Thursday, 12 April 2012

The non-conventional food of my childhood by Antonella (Amy's Level 9)

   When my mother and I talk about my childhood the first thing she usually says is that I’ve always been interested in food. The second one is that I used to like trying different types of food, but:  What kind of food exactly?
About this topic I have to tell you that I’ve my own funny memories that have been also confirmed by my mother’s.

A hungry child: chubby and dangerous
   The fourth of five children, I was the only one with a constant appetite, my brothers and sisters, in fact, used to be quite fussy about food.
I remember they would rarely leave their plates empty and it was hard for my mum make them try new recipes or fish. My elder brother Giuseppe, for example, ate only frozen fish sticks, instead of fresh fish until he became an adult. Nevertheless I was there to help them and so I would finish their portions even though I had just finished my huge one two minutes earlier. 
  With such a hunger it’s not hard to believe that I grew very well and also that I was a little bit chubby at that age. But it wasn’t my figure my mum was worried about but rather the anxiety that I could have choked myself during one of my “eating experiments”.
Those experiments, in fact, were made with a particular kind of food which was completely tasteless, very hard to bite and of course impossible to digest: objects!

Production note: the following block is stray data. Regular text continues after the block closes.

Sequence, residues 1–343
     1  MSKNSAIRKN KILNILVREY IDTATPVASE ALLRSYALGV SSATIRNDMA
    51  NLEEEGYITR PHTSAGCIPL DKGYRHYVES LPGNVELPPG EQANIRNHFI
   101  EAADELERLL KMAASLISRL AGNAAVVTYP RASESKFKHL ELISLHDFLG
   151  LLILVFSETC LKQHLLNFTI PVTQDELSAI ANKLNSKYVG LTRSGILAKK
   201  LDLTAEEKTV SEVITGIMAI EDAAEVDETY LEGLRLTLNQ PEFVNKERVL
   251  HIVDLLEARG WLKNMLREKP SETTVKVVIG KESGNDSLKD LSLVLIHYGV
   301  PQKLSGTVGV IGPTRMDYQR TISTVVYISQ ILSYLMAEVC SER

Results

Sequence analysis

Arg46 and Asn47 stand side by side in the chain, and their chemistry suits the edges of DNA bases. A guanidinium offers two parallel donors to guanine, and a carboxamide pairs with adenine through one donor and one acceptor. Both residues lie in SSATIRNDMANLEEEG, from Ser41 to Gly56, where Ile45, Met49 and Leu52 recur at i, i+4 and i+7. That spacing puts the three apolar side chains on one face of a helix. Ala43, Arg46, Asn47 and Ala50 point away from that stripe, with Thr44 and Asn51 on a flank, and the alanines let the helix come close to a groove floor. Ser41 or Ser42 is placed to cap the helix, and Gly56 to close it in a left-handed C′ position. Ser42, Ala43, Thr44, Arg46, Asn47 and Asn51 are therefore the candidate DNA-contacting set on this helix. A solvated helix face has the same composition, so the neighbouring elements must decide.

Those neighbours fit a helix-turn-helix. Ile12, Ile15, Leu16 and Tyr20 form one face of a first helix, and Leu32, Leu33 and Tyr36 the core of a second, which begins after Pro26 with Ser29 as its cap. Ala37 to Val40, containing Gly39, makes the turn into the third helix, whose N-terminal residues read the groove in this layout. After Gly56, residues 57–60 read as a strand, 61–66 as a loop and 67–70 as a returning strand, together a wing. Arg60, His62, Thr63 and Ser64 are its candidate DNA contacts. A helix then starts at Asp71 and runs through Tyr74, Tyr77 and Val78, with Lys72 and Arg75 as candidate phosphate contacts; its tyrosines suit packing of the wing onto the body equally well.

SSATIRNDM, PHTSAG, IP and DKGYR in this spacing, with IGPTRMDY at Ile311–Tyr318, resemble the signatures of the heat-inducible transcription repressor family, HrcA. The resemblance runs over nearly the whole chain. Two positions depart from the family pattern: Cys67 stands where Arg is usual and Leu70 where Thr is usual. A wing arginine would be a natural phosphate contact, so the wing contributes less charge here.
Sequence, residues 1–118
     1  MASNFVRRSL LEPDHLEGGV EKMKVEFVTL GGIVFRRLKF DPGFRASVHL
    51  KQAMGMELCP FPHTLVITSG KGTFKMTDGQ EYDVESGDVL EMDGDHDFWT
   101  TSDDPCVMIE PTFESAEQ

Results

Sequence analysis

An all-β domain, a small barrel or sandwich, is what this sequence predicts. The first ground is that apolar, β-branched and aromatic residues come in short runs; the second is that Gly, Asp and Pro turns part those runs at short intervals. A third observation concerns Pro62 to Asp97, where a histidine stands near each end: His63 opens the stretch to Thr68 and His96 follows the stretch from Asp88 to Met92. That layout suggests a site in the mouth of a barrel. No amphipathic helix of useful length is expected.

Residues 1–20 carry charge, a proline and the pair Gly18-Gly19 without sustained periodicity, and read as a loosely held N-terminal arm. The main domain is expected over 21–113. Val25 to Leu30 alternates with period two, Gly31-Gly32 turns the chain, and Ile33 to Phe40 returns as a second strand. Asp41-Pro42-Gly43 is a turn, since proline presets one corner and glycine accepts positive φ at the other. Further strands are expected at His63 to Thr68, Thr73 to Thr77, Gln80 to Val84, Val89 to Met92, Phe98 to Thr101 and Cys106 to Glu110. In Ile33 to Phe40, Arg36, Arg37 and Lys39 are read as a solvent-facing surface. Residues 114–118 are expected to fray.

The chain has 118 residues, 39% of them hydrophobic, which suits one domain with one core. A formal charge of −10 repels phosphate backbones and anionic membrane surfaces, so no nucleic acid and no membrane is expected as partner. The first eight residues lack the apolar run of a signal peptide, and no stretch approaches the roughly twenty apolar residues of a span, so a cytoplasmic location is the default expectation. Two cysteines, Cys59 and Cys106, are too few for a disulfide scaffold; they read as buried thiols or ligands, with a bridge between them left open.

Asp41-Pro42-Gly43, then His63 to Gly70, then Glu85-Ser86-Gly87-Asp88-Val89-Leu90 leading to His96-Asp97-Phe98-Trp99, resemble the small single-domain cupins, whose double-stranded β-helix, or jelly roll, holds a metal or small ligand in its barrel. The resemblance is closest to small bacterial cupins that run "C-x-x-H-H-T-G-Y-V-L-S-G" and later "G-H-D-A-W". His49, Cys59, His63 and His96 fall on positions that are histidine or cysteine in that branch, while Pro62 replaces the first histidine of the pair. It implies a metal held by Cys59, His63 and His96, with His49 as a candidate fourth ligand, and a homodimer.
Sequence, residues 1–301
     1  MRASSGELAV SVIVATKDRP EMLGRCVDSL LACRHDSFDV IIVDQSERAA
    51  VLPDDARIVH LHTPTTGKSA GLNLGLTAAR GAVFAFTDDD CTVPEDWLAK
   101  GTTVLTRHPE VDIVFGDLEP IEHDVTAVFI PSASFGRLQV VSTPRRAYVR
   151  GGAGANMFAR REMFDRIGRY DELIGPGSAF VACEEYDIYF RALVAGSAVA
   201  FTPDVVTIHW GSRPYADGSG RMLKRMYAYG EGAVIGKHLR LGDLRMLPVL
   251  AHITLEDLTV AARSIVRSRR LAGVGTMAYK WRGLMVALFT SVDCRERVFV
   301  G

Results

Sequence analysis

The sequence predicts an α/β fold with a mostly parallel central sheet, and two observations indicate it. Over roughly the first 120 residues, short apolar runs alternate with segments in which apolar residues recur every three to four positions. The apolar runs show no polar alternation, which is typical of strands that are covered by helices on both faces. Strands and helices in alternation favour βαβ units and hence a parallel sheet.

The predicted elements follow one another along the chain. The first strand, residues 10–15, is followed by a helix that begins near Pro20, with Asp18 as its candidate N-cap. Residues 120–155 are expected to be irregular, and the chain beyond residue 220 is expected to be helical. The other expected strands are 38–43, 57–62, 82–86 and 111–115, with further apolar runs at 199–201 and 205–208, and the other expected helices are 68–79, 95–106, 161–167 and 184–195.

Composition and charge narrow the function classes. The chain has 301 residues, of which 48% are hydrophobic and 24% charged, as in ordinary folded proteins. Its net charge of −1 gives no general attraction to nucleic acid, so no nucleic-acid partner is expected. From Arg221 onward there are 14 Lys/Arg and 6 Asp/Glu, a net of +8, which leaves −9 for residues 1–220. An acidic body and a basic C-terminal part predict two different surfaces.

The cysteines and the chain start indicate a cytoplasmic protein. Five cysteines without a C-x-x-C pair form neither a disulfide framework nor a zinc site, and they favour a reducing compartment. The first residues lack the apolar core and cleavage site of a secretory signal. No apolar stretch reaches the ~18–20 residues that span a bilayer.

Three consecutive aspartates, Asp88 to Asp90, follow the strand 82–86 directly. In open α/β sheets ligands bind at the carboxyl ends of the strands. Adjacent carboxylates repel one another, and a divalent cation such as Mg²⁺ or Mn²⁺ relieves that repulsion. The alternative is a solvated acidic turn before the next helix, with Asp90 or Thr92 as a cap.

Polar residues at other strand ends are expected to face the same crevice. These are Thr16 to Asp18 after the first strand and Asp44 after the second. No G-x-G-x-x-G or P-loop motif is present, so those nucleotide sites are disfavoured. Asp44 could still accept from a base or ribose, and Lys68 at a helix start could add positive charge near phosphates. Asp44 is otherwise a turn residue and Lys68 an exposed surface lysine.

My poor mum, indeed, had to hide from my view not only the appetizing titbits like candies, chocolate bars, but also some objects in the house which could resemble things to eat. This is because she had found me sometimes eating this kind of “food”.

Eating or playing?
 My earliest memory concerning my “eating habits” is when I was just two years old. Even though I was so young, I still clearly see that scene: I was sitting on the big couch in the living-room and watching the soles of my new pair of shoes when I suddenly took one of the shoes straight into my mouth. The soles, in fact, looked exactly like my favourite types of biscuits “Plasmon” and my thought in that moment was probably like:  Why did mum put my biscuits under my shoes?!
Unfortunately I also have the vivid memory that the taste wasn’t as good as Plasmon biscuits!
    Another time I almost ate a broken necklace. I remember it was made of many little, white, round pearls and my mother had put it into a drawer in her bedroom.  She hoped she could repair it sooner or later, but when I found it I must have thought it was very similar to rice grains!
I don’t know how my mother didn’t panic when she found me next to her bedside table eating piece by piece one of her favourite necklace.

Fast-cook vs. fast-food
    In spite of my dangerous eating experiments, I must say my mother is a very talented cook and she was also when I was a child.
I really love eating her dishes and to me every single recipe made by her represents an important piece of my childhood. But there’s one thing that I’ve never understood about her way of cooking, and it still surprises me today: how can she cook so well by spending a very short time at the cooker? (Being a working-mother of five children is probably the right answer to this question). 
I can safely say, in fact, that my mother is a real fast-cook who doesn’t cook
fast-food, but the most amazing traditional Sicilian dishes, like my favourite one: Caponata!

Antonella Grippi

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